Brideshead Revisited
Dir. Julian Jarrold http://www.tinymixtapes.com/sites/default/files/arton6660_1.jpg

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2.5 / 5 (0)


Fans of early-20th century costume drama should know exactly what to expect from Brideshead Revisited, as Julian Jarrold's take on Evelyn Waugh's 1945 novel contributes nothing new to the genre or storyline. It's no wonder, since Waugh's literature inspired most of those classic country-estate dramas in the first place. Sure, Brideshead takes advantage of beautiful locations and strong performances, but on the whole it is a fairly hollow affair.

The film follows the life of Charles Ryder, a middle-class Londoner, who has made his way to Oxford to study history, but his true ambition is to be a painter. He quickly befriends the hard-partying young Lord Sebastian Flyte, who invites him to his family's country estate, the titular Brideshead. At Brideshead, Charles falls hopelessly in love with Sebastian's sister, Julia, while delicately enduring Sebastian's longing for him. The story takes us around to different parts of the world, as Charles, a fervent atheist, yearns for Julia, whose family's strict Catholic upbringing precludes her from marrying him.

Throughout the movie, there is a scathingly anti-Catholic undercurrent in Brideshead, which may have stronger resonance with today's viewers. The film deals not only with the irreconcilable differences between the faithful and atheists, but also the Church's view of homosexuality and sin. The finger of blame is leveled squarely upon the Church and its chief enforcer in the film, Lady Marchmain (Thompson). The Church's intolerance of homosexuality is the root of Sebastian's depression and alcoholism. It is the wedge that drove Lord Marchmain (Gambon) away from his wife and into the arms of a mistress in Venice. Most significant to this story, it is the mightiest obstacle to Charles and Julia's happiness together. There is little redemption to be found for the Church in this film, and it is in this theme that the film does its best work in carrying on the message of Waugh's novel.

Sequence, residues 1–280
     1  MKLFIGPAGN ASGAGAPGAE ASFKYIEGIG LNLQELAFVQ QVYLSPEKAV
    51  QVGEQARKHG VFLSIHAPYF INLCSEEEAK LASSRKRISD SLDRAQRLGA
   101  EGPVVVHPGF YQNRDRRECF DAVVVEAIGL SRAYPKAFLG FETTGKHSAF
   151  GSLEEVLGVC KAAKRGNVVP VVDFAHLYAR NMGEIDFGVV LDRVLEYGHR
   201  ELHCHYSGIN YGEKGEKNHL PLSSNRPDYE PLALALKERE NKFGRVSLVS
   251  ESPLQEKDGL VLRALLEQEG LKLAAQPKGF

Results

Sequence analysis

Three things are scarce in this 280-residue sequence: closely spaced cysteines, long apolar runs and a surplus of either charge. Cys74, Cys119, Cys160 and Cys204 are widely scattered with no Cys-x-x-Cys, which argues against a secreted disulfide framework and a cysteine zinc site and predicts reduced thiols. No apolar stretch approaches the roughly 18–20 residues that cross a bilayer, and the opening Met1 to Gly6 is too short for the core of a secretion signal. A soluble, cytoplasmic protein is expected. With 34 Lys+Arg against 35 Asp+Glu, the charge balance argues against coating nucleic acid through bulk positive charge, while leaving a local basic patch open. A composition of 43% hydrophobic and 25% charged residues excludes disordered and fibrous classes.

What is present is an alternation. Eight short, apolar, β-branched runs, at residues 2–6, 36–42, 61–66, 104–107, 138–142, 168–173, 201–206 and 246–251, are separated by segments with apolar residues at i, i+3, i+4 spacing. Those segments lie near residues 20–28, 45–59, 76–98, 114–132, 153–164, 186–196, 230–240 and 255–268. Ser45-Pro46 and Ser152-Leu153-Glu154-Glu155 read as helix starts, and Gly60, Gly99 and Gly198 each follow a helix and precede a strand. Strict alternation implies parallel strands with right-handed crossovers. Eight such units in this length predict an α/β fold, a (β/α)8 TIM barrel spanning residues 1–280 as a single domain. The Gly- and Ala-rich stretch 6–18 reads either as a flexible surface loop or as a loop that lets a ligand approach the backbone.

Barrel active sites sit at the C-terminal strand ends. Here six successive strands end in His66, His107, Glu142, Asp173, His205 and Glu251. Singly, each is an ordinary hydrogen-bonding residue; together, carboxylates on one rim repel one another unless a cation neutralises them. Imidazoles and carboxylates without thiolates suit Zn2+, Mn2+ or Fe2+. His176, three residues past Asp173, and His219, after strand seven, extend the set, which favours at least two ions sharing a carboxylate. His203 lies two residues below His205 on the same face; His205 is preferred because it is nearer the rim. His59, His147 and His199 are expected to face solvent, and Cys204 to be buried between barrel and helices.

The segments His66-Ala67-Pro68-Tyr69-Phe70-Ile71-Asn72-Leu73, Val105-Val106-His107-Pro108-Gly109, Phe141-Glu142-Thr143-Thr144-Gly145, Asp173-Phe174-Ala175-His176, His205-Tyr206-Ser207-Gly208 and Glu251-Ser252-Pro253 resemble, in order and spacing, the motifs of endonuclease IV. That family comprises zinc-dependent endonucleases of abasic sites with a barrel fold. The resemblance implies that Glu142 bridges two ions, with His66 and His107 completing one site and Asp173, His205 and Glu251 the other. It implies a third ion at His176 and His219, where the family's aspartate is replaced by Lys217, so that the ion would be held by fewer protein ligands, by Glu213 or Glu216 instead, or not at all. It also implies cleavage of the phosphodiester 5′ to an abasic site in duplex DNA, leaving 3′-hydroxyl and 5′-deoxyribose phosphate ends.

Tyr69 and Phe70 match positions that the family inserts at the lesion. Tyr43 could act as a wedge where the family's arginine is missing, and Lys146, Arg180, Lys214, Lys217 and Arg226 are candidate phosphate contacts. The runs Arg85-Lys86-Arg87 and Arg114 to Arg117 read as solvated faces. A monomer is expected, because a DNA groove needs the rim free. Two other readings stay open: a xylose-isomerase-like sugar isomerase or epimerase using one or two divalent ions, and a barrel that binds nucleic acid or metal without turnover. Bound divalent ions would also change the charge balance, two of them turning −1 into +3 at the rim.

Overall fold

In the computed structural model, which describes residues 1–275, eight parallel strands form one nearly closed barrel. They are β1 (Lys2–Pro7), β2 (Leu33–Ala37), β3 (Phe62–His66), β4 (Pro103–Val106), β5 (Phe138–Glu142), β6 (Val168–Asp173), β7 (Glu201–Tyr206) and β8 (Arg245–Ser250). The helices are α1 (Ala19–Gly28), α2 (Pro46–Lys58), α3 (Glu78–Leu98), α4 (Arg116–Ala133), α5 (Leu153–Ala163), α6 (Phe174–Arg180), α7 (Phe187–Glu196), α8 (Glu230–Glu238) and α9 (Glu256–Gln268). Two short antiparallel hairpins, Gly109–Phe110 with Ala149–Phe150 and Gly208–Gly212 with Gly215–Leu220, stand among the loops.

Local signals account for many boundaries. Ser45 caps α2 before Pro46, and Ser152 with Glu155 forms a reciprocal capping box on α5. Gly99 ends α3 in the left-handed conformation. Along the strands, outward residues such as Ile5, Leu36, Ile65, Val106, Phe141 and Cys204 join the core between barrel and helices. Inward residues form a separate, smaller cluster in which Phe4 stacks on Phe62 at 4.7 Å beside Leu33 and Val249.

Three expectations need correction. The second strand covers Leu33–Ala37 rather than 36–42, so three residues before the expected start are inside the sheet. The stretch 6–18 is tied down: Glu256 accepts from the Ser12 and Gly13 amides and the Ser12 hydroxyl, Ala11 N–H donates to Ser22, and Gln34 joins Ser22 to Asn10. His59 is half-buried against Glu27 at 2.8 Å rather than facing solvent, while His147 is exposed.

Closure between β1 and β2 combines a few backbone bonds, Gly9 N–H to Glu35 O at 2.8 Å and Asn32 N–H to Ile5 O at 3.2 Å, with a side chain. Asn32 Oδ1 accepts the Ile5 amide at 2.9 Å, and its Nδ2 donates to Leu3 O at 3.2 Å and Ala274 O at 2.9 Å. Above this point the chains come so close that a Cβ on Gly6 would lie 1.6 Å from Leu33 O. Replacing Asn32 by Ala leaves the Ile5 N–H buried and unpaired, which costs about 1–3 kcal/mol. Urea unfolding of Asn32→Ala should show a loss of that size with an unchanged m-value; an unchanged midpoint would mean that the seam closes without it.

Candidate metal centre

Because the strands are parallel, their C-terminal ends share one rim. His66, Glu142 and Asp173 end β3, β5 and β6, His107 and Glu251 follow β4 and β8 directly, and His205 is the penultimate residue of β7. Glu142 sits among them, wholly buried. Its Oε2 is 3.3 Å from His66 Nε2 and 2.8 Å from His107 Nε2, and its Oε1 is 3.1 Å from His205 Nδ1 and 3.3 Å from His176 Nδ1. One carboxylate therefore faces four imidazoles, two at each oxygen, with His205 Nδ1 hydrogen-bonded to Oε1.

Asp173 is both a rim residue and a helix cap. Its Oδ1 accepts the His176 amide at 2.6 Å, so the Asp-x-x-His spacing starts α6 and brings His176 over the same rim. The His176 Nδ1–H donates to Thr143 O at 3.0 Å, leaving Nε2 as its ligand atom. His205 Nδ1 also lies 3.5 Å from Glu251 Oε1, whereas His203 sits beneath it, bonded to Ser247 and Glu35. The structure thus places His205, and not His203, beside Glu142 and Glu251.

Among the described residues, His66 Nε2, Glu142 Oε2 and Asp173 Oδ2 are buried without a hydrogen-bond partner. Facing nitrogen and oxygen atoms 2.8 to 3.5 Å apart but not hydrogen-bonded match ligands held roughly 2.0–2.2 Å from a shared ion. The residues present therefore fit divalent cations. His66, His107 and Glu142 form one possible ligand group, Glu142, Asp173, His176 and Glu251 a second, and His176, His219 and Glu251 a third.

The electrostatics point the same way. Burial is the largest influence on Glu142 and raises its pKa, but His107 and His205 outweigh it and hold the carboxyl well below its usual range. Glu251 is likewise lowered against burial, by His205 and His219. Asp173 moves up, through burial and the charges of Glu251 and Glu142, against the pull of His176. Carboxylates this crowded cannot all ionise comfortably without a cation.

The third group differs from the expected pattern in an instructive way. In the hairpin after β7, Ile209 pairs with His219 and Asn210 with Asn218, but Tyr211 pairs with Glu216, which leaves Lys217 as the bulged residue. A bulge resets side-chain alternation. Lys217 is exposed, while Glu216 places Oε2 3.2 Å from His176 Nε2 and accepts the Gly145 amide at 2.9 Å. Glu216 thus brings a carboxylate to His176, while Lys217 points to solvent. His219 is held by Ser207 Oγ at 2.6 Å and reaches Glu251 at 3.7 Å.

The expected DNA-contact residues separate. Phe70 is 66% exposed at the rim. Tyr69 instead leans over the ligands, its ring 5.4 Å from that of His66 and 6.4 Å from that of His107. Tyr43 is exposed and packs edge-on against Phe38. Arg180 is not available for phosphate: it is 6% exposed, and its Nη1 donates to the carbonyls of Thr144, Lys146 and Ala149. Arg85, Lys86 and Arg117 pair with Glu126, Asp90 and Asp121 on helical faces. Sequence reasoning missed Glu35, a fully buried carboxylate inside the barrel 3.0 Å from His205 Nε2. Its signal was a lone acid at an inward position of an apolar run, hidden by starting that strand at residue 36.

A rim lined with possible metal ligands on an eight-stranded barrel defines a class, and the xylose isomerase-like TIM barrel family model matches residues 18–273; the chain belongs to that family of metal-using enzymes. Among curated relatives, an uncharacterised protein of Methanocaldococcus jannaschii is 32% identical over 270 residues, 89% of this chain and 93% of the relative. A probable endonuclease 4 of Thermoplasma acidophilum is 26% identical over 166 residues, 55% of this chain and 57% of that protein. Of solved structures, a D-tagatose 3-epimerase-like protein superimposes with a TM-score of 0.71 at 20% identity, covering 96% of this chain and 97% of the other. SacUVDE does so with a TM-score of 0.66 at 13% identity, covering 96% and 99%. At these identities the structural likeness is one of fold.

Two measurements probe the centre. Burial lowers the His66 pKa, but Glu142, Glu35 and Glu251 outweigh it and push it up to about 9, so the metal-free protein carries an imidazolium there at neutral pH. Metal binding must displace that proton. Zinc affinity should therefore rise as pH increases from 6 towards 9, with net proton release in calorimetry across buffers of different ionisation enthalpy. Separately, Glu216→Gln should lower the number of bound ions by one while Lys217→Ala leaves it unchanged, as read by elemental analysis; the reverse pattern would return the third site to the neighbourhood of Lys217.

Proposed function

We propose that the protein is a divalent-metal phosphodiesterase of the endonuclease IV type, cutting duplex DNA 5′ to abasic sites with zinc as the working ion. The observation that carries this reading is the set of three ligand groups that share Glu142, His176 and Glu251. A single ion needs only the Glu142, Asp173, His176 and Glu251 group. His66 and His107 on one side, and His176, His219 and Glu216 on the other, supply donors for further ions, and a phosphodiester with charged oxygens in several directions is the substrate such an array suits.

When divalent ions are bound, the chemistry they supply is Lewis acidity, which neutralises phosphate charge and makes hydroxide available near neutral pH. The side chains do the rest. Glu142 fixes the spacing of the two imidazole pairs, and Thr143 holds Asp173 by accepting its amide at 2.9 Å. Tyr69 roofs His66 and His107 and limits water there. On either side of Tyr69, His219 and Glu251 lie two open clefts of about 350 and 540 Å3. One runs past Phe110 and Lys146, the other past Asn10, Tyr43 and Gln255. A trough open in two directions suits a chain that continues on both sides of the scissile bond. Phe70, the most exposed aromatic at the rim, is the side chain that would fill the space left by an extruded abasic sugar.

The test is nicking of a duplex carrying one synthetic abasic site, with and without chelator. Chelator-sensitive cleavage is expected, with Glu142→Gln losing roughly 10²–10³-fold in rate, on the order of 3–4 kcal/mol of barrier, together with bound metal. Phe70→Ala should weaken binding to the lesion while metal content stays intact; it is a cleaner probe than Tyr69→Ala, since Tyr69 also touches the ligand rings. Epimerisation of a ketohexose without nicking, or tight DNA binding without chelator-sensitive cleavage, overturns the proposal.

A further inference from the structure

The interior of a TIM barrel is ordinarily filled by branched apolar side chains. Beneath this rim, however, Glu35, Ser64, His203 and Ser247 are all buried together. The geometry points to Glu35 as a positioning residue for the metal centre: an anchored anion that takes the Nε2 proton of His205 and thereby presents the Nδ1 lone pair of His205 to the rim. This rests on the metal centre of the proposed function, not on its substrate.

But this theme isn't enough to save the film. Essentially, a filmmaker must work hard to make a movie like Brideshead Revisited relevant to a contemporary audience or else it becomes another nostalgic piece. Chronicling the worries and "struggles" of British aristocrats between the wars seem so trivial when cast against the stark reality of our century and all of its collected horrors. There is a timelessness to this story of love versus duty to one's family and the struggle of faith versus atheism. However, these struggles exist conceptually more than anything else, since the shallow realization of some of the central characters in this theatrical release make it difficult to empathize with their struggles.

Matthew Goode is wonderfully understated as Ryder, yet his performance is forceful enough to stand up to wonderful supporting turns by Emma Thompson and Michael Gambon, who portray separated parents to the Flyte children. The other actors do their roles justice, but they just don't have anything terribly intriguing to work with. Ben Whishaw plays Lord Flyte, who comes across in this adaptation as a fairly flat, gay aristocrat who sloshes his way from one binge to the next. Despite his frequently amusing debauchery, Sebastian never develops into an engrossing character in the film. Meanwhile, Ryder's love interest Julia is portrayed by Hayley Atwell, who alternately pouts and seduces, but rarely elicits much sympathy or connection. Though one cannot expect a film adaptation of a literary work to have the same depth of character development as its source material, it is still disappointing to see these two characters never become as fully fleshed-out as Charles or their parents.

Brideshead Revisited is not a bad film, but it is a decidedly faulty adaptation. It introduces us to controversy in places, but does not do a satisfactory job in introducing us fully to the characters who will bear these burdens. In many ways, the film just feels like a painting kept behind a thick pane of glass: it's there to be watched and admired by some, but overall the connections with the viewer are obscured.